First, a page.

3D Printed Microfluidic Device with Integrated Biosensors for Online Analysis of Subcutaneous Human Microdialysate.

Gowers SA, Curto VF, Seneci CA, Wang C, Anastasova S, Vadgama P, Yang GZ, Boutelle MG - Anal. Chem. (2015)

Typical calibration curves for 50 μm disc glucoseand lactatebiosensors in the microfluidic device at 1 μL/min. Mean ±standard deviation of measurement shown (n = 4).Points fitted with the Michaelis–Menten equation. Inset: Rawdata for a typical 5-point lactate calibration from 0 to 4 mM in 1mM steps.
© Copyright Policy
Related In: Results  -  Collection

License
Show All Figures
getmorefigures.php?uid=PMC4526885&req=5

fig3: Typical calibration curves for 50 μm disc glucoseand lactatebiosensors in the microfluidic device at 1 μL/min. Mean ±standard deviation of measurement shown (n = 4).Points fitted with the Michaelis–Menten equation. Inset: Rawdata for a typical 5-point lactate calibration from 0 to 4 mM in 1mM steps.
Mentions: Metabolite levelsin tissue vary between people and depend on aperson’s metabolism and fitness during exercise, as well ason the particular tissue being sampled.40 The system was calibrated online from 0 to 10 mM, at 1 μL/minto verify that it is capable of detecting physiologically relevantconcentrations of glucose and lactate levels in the dialysate. Figure 3 shows typical current response vs concentrationfor the biosensors when placed in the microfluidic device. These dataindicate that the biosensing system has good sensitivity to glucoseand lactate, with clear current changes corresponding to increasinglevels of substrate. The biosensors show a good dynamic range, suitablefor physiological monitoring. The fact that sensitivities are similarfor the glucose and lactate sensors (Figure 3) reflects the mass-transport limiting effects of the PU membrane.

Bottom Line: A soft compressible 3D printed elastomer at the base of the holder ensures a good seal with the microfluidic chip.Optimization of the channel size significantly improves the response time of the sensor.As a proof-of-concept study, our microfluidic device was coupled to lab-built wireless potentiostats and used to monitor real-time subcutaneous glucose and lactate levels in cyclists undergoing a training regime.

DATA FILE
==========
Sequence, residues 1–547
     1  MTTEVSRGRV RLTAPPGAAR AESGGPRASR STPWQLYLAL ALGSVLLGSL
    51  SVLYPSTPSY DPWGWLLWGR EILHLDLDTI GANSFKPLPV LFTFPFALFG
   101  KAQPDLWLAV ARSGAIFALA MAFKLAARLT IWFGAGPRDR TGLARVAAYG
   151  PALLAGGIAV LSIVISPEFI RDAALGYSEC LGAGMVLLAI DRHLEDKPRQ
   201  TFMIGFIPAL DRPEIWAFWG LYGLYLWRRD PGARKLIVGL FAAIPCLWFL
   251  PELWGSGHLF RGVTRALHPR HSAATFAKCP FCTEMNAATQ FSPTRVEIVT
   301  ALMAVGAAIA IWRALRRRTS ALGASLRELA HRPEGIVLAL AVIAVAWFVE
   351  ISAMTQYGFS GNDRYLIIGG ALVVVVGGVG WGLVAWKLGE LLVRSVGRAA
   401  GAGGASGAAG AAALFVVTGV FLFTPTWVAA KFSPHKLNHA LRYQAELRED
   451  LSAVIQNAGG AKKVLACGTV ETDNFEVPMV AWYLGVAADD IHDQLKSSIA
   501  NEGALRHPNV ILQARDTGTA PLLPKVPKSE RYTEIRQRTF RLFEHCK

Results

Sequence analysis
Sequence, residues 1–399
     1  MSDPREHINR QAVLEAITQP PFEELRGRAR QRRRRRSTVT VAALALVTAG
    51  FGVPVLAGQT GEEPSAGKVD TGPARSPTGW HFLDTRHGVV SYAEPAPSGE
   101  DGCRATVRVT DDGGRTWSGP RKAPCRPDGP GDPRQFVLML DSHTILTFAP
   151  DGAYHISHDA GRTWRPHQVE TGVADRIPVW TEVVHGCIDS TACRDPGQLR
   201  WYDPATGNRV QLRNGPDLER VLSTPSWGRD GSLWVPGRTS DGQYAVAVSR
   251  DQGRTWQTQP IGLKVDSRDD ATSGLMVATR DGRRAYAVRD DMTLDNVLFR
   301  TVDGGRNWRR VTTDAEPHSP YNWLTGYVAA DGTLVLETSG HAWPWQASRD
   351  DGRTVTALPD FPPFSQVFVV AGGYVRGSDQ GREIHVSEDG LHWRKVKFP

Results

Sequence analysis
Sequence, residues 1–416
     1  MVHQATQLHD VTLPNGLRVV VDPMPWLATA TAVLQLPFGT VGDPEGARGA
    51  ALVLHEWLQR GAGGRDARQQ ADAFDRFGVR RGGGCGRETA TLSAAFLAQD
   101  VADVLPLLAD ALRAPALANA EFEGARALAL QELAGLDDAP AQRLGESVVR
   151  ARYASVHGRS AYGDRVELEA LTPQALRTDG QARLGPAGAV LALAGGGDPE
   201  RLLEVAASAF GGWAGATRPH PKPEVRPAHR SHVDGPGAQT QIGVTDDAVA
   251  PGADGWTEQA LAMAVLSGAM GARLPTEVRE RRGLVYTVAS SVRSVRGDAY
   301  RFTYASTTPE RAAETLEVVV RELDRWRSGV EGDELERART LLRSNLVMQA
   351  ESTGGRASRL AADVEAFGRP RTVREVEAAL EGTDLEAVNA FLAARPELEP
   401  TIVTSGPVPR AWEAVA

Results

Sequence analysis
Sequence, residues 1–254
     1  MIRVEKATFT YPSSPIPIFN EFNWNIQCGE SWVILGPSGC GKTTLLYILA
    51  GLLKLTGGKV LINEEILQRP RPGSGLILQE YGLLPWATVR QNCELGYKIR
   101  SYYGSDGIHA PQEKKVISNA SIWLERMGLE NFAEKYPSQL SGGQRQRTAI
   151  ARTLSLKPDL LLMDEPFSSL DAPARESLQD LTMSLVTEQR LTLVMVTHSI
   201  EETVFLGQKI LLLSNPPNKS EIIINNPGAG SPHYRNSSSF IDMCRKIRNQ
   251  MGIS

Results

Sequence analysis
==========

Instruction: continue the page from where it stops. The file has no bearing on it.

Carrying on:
View Article: PubMed Central - PubMed

Affiliation: §School of Engineering and Materials Science, Queen Mary, University of London, Mile End Road, London E1 4NS, United Kingdom.

ABSTRACT
This work presents the design, fabrication, and characterization of a robust 3D printed microfluidic analysis system that integrates with FDA-approved clinical microdialysis probes for continuous monitoring of human tissue metabolite levels. The microfluidic device incorporates removable needle type integrated biosensors for glucose and lactate, which are optimized for high tissue concentrations, housed in novel 3D printed electrode holders. A soft compressible 3D printed elastomer at the base of the holder ensures a good seal with the microfluidic chip. Optimization of the channel size significantly improves the response time of the sensor. As a proof-of-concept study, our microfluidic device was coupled to lab-built wireless potentiostats and used to monitor real-time subcutaneous glucose and lactate levels in cyclists undergoing a training regime.

No MeSH data available.